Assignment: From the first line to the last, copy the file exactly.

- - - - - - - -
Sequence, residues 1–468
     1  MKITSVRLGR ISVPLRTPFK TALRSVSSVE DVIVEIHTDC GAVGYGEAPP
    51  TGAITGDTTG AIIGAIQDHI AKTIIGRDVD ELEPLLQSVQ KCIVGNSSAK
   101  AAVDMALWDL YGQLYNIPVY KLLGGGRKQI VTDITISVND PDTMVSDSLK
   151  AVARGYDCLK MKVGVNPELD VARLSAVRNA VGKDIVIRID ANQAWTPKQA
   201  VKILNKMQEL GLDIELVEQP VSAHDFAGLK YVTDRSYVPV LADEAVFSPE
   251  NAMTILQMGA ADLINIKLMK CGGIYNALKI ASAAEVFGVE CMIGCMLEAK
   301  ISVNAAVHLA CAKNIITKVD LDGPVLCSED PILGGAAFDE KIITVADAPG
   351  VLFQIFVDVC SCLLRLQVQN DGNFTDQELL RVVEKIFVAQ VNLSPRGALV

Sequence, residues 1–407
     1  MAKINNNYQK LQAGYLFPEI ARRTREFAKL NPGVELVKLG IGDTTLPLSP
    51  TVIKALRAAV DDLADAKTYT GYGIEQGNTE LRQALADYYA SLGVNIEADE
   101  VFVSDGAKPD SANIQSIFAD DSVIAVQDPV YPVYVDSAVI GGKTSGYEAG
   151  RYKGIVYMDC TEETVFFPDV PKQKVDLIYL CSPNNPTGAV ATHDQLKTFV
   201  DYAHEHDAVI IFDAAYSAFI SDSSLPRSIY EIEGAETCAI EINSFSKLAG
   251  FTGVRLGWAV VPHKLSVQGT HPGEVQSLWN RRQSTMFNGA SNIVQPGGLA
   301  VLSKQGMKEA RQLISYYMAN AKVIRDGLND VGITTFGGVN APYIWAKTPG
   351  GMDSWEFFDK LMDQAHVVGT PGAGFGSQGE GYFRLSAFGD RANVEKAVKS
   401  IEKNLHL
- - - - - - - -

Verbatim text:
Sequence, residues 1–468
     1  MKITSVRLGR ISVPLRTPFK TALRSVSSVE DVIVEIHTDC GAVGYGEAPP
    51  TGAITGDTTG AIIGAIQDHI AKTIIGRDVD ELEPLLQSVQ KCIVGNSSAK
   101  AAVDMALWDL YGQLYNIPVY KLLGGGRKQI VTDITISVND PDTMVSDSLK
   151  AVARGYDCLK MKVGVNPELD VARLSAVRNA VGKDIVIRID ANQAWTPKQA
   201  VKILNKMQEL GLDIELVEQP VSAHDFAGLK YVTDRSYVPV LADEAVFSPE
   251  NAMTILQMGA ADLINIKLMK CGGIYNALKI ASAAEVFGVE CMIGCMLEAK
   301  ISVNAAVHLA CAKNIITKVD LDGPVLCSED PILGGAAFDE KIITVADAPG
   351  VLFQIFVDVC SCLLRLQVQN DGNFTDQELL RVVEKIFVAQ VNLSPRGALV

Sequence, residues 1–407
     1  MAKINNNYQK LQAGYLFPEI ARRTREFAKL NPGVELVKLG IGDTTLPLSP
    51  TVIKALRAAV DDLADAKTYT GYGIEQGNTE LRQALADYYA SLGVNIEADE
   101  VFVSDGAKPD SANIQSIFAD DSVIAVQDPV YPVYVDSAVI GGKTSGYEAG
   151  RYKGIVYMDC TEETVFFPDV PKQKVDLIYL CSPNNPTGAV ATHDQLKTFV
   201  DYAHEHDAVI IFDAAYSAFI SDSSLPRSIY EIEGAETCAI EINSFSKLAG
   251  FTGVRLGWAV VPHKLSVQGT HPGEVQSLWN RRQSTMFNGA SNIVQPGGLA
   301  VLSKQGMKEA RQLISYYMAN AKVIRDGLND VGITTFGGVN APYIWAKTPG
   351  GMDSWEFFDK LMDQAHVVGT PGAGFGSQGE GYFRLSAFGD RANVEKAVKS
   401  IEKNLHL